What are coronal mass ejections?

The sun, the center blocked for visibility, with a great white extrusion coming out from near the top.
Coronal mass ejection of February 27, 2000. A disk is being used to block out the light of the sun. The white circle indicates the sun’s surface. Image via SOHO.

Every so often, the sun burps, with the power of 20 million nuclear bombs. These hiccups are known as coronal mass ejections or CMEs. They are powerful eruptions near the surface of the sun, driven by kinks in the solar magnetic field. The resulting shocks ripple through the solar system and can interrupt satellites and power grids on Earth.

During a CME, enormous bubbles of superheated gas – called plasma – are ejected from the sun.  Over the course of several hours, a billion tons of material are lifted off the sun’s surface and accelerated to speeds of a million miles per hour (1.6 million kilometers per hour). This can happen several times a day when the sun is most active. During its quieter periods, CMEs occur only about once every five days.

See the sun now, via NASA’s Solar Dynamics Observatory

The underlying cause of CMEs is not well understood.  Astronomers agree, however, that the sun’s magnetic field plays a major role.  Because the sun is a fluid, turbulence tends to twist the magnetic field into complex contortions. Twist the field too much, and it kinks, much like a phone cord or toy Slinky. These kinks snap the magnetic field and can potentially drive vast amounts of plasma into space.

The plasma itself is a cloud of protons and electrons carried aloft by the solar wind. Traveling at a million miles per hour (1.6 million kph), the ejecta can cross the 93-million-mile (150-million-km) distance to Earth in just a few days. 

A jet moving that fast would get you from Los Angeles to New York in 18 seconds.

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Because CMEs get blown off the sun in all directions, most don’t come anywhere near Earth. But every so often, an eruption is aimed right at us.  When the plasma cloud hits our planet, a geomagnetic storm follows. The shock wave of charged particles compresses the Earth’s dayside magnetic field while the nightside gets stretched out. Like an elongated rubber band, the terrestrial magnetic field eventually snaps back with the same amount of energy as a bolt of lightning.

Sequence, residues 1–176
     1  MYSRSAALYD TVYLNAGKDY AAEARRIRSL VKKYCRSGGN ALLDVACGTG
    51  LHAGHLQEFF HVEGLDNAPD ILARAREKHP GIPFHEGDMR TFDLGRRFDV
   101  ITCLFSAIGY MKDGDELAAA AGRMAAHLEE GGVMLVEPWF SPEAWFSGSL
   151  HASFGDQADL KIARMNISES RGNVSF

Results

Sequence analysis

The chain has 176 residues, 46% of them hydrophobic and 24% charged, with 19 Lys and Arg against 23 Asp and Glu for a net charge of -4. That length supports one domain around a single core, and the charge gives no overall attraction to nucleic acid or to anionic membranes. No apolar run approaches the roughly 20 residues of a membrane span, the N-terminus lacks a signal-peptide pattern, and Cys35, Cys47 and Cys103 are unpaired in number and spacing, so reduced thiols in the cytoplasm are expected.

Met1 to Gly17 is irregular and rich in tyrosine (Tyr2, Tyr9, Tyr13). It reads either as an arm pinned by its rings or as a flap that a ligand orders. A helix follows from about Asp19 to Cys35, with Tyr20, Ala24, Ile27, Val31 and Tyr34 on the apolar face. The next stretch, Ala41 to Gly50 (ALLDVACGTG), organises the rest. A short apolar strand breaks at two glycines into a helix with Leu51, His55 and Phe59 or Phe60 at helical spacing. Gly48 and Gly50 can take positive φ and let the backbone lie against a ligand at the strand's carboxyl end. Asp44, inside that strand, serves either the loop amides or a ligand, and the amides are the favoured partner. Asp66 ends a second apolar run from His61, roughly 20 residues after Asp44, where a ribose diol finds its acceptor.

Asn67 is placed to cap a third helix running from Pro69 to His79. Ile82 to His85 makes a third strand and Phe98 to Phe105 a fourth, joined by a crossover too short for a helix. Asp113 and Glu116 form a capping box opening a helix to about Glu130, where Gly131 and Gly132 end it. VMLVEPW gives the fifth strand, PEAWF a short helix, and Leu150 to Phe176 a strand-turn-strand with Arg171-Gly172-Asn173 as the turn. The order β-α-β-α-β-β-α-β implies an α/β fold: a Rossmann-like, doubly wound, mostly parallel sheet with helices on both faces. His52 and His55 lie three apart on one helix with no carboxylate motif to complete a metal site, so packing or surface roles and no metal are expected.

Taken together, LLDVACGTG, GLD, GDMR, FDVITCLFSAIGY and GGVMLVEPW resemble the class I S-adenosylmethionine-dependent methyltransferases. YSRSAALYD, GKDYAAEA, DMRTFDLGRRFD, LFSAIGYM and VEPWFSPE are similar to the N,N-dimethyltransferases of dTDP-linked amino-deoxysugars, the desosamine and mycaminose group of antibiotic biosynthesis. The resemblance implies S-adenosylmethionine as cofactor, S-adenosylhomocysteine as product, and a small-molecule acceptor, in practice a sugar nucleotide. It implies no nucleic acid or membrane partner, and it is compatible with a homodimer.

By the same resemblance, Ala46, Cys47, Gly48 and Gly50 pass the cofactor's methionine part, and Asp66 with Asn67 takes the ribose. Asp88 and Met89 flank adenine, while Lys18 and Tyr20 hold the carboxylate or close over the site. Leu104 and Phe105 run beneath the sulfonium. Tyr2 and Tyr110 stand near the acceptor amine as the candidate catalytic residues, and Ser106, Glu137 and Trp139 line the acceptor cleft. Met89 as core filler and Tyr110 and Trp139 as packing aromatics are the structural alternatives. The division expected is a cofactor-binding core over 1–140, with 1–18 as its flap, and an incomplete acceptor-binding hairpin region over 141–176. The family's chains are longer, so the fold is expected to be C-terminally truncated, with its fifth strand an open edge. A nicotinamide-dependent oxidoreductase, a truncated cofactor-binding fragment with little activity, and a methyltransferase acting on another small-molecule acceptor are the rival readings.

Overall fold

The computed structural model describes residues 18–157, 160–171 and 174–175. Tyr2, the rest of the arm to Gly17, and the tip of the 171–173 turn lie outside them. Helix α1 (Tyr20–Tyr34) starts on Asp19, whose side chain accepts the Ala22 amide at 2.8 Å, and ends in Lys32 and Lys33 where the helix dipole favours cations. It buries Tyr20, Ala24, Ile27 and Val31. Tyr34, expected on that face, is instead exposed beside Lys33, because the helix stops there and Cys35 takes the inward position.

The video below shows the particle flow around Earth as solar ejecta associated with a coronal mass ejection strike:

The onslaught of charged particles and the temporary restructuring of the Earth’s magnetic field has observable effects.  Auroral lights, usually only seen near the poles, can drift to lower latitudes and become more brilliant. The disturbance of the magnetic field can also expose Earth to deadly cosmic rays. The atmosphere still provides enough protection for everyone on the ground. But astronauts in space may receive lethal doses of radiation. During a solar storm in 1989, cosmonauts aboard the Mir space station received their maximum yearly radiation dose in just a few hours!

The real long-lasting danger comes from the storm’s effect on technology.  The flurry of magnetic activity and induced electric currents has the potential to severely disrupt power grids, satellites, communication networks, that is, anything that uses electricity. When the sun aimed a CME at us in that 1989 event I just mentioned, the resulting storm collapsed the Hydro-Québec power grid. Six million people were without power for nine hours.

But the 1989 storm is nothing compared to the geomagnetic storm of 1859.  Known as the Carrington Event, after amateur astronomer Richard Carrington, who observed the flares that triggered the storm, it was the most powerful geomagnetic storm ever recorded. Auroras were observed as far south as Hawaii and the Caribbean. Witnesses at higher latitudes reported being able to read newspapers by the light of the aurora alone. Telegraph networks around the globe catastrophically failed; operators received shocks and telegraph paper caught on fire.

A repeat of the Carrington Event in today’s far more interconnected world would be devastating. Cascading failures could quickly shut power down to millions of people in a matter of minutes. Communication networks would fail and GPS satellites, upon which the entire air traffic system relies, would shut down. 

A repeat of 1859 could be truly catastrophic!

Obviously, we don’t want to be surprised by a powerful Earth-bound CME.  That’s why astronomers study the sun. Besides the joy of discovering how stars work, a better understanding of solar activity can help us be better prepared. With even just a few hours warning before an impending CME strike, we could safely shut down and protect essential services. Disruptions may then only last a few hours, rather than the days, weeks, and months that might otherwise occur.

CMEs are just another reminder of how fragile our pale blue dot is as it races around the sun.

Long tentacle-like extrusion from the sun near a brilliant white flare.
On August 31, 2012, the Solar Dynamics Observatory caught the sun launching streams of plasma into space at nearly 900 miles (about 1,400 km) per second. Image via NASA/GSFC/SDO.

Bottom line: Coronal mass ejections – also knowns as CMEs – are powerful eruptions on the sun’s surface. Caused by instabilities in the sun’s magnetic field, they can launch a billion tons of superheated gas into space. Most drift harmlessly across the solar system, but occasionally one is aimed at Earth. When that happens, the resulting magnetic storm can severely disrupt electrical systems and produce brilliant auroral displays. 

Watch: 25 years of solar activity

December 9, 2020

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Christopher Crockett

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